It makes sense that the people of Collinsville, Illinois, would choose to celebrate horseradish. Besides respecting Collinsville's status as the Horseradish Capital of the World (it produces about 60 percent of the global supply), you've got to respect the crop. It's been heralded as an aphrodisiac, a treatment for upper respiratory tract problems and ailments in between. Acne? You betcha. Sinus issues? Bring it. It could even double as fodder for an old SNL sketch: "I'll give you a topic: horseradish. It's neither a horse nor a radish. Discuss." Armoracia rusticana is part of the mustard family -- infinitely cooler than other members like cabbage and turnips, and much easier to spread on bratwurst.
It'd be tough to work up that amount of enthusiasm for Worcestershire sauce or bay leaves. That's because horseradish and people of this region are kindred spirits, thriving on cold winters and long summers. And so the worthy root is the centerpiece of the seventeenth annual International Horseradish Festival at Woodland Park (just past Pine Lake Road and Vandalia Street, Collinsville, Illinois) on Saturday and Sunday (June 11 and 12; opens at 10:30 a.m. both days; free admission). The events include a recipe contest, a root derby (which could also be called Pimp My Horseradish), a root toss and booths galore. Young ones vie for the crown of Little Miss Horseradish, and adults compete to make the best bloody mary (via recipe card only; no on-site creation, please).
The festival has grown from its early days; exotic foods, an expanded kids' area and award-winning bands have replaced cloggers and baton-twirlers. Dawn Cordle, the chairwoman of the festival, estimates that 25,000 people came to last year's fest and says it grows each year. Even better, the money raised goes to civic organizations, a scholarship and right back to the park itself. For a complete list of contest rules, event times and locations, see www.horseradishfestival.com. -- Kristie McClanahan
If you're letting off steam by spinning brodies in the parking garage, jumping speed bumps or taking shortcuts through your neighbor's veggie garden, then you're ready for the pit. Fortunately for you, the Mid-Missouri Off Roaders' ninth annual Spring Marthasville (Missouri) Four-by-Four Mud Bog is back (yes, you will get dirty). The mud-bog racin' starts at noon, and registration goes from 8 to 11 a.m. -- which gives you plenty of time to transition your ride from a mall-parking-lot Bronco to a mud-pit Bronco (complete with paddle tires and roll bar, of course). Entry fee is $25 per class (ten offered), and admission ranges from $5 to $10. Check out www.mmor.com or call 636-629-7983 for directions and more information. -- Amy Helms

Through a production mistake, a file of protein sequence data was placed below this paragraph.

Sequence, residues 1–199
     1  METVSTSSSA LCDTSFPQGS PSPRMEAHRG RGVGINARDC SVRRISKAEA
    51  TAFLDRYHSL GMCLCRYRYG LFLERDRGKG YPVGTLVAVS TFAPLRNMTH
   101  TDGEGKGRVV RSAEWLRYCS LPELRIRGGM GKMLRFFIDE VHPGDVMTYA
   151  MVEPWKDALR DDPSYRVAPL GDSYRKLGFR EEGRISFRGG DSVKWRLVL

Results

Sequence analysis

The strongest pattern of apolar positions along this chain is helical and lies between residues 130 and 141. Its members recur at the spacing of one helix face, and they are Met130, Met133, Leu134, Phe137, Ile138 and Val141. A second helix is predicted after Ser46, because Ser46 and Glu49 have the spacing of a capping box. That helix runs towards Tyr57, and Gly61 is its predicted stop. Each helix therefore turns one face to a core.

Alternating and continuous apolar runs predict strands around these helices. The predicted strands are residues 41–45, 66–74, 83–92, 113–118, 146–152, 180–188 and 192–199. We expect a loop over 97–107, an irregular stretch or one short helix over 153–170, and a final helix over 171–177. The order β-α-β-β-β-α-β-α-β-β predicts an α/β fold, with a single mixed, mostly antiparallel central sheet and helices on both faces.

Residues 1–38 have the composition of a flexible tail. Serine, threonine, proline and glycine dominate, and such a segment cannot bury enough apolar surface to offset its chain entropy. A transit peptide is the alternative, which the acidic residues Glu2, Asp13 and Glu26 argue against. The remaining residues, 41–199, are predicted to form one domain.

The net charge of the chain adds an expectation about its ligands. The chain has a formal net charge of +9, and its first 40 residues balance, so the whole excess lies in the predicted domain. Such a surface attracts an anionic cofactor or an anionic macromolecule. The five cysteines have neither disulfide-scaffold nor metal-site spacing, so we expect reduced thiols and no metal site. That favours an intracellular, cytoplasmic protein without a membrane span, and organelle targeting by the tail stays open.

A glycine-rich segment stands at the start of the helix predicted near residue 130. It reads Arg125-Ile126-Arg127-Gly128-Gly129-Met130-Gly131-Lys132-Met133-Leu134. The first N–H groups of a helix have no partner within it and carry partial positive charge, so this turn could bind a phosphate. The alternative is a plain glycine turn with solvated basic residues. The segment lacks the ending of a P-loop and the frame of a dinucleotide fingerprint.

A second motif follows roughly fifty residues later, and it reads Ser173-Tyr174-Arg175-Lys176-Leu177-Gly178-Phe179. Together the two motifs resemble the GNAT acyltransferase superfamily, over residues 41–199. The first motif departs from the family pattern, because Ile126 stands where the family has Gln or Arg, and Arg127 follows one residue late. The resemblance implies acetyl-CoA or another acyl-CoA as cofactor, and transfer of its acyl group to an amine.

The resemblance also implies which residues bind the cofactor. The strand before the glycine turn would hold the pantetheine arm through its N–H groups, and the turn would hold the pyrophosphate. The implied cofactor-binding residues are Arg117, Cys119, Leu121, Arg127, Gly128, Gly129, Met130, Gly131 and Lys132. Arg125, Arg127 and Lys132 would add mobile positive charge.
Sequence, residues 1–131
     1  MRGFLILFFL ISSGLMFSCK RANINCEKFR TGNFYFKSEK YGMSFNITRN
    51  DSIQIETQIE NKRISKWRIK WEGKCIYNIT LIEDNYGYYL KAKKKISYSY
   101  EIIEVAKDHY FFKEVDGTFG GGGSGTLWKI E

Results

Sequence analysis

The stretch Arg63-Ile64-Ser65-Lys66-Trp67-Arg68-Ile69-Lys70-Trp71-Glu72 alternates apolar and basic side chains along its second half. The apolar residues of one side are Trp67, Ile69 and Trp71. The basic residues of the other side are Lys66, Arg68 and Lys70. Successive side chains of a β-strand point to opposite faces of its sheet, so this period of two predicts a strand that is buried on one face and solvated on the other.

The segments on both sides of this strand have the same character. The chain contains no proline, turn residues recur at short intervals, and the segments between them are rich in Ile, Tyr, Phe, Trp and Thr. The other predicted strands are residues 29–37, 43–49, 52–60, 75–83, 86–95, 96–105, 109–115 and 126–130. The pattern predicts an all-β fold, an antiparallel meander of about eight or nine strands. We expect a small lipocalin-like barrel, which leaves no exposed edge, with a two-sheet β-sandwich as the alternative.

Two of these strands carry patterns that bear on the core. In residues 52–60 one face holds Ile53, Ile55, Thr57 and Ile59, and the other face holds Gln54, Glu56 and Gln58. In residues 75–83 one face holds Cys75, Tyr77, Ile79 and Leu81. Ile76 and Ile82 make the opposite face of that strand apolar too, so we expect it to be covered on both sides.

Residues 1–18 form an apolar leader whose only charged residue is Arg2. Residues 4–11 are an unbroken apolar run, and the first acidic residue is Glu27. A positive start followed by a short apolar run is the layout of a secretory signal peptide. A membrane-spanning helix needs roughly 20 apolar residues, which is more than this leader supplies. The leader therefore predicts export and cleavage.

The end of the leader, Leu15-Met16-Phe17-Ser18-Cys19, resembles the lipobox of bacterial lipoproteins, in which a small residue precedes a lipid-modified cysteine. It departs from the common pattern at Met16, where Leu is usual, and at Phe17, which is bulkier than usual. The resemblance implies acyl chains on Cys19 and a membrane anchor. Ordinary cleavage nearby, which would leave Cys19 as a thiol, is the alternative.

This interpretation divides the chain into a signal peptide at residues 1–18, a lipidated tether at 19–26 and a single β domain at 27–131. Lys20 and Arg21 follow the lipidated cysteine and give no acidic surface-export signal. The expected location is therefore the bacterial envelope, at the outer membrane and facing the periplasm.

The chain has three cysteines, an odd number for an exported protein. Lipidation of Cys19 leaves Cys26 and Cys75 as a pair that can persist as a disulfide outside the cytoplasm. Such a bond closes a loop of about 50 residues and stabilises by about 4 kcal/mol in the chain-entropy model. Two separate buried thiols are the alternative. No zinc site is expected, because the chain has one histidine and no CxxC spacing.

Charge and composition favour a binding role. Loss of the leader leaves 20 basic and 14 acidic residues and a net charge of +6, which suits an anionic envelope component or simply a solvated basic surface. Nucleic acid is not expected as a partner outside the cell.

Thar She Blows!
The sixth annual Dubble Bubble National Bubble Blowing Contest is finally here, and it is not a day for celebrating mediocrity. Kids twelve and younger, who've no doubt been training since last year's competition, demonstrate their prowess in creating the largest bubble-gum bubble. Why? For glory, and the chance to move on to the national finals in August (where the prizes are thousands of dollars in savings bonds). The official Dubble Bubble Bubble Meter is used to certify bubble size and to ensure that the integrity of this prestigious event remains intact. To participate or spectate, be at Wal-Mart (1900 Maplewood Commons Drive, Maplewood; 314-781-2165) at 11 a.m. There's no cost to watch or participate. -- Jedidiah Ayres
Sandwich in the Sand
Long gone are the days of meals with prizes; you're too embarrassed (and health-conscious) to order a Happy Meal. But why shouldn't you be rewarded for finishing a feast? Eating is hard work, too! So eat at Steinberg Skating Rink in Forest Park (www.steinbergskatingrink.com). There, food is served on a souvenir Frisbee, and while you eat outside, you can watch the action on the three sand volleyball courts that replace the rink's ice in the summer. And after all that eating, you may as well show off your footvolley skills (beach volleyball with no hands, for you amateurs) and throw your empty "plate" around as well. Open play costs $3 per person or $15 per hour, reservations are encouraged (314-361-0613), and the courts open at 4 p.m. Monday through Friday and at noon on weekends. -- Alison Sieloff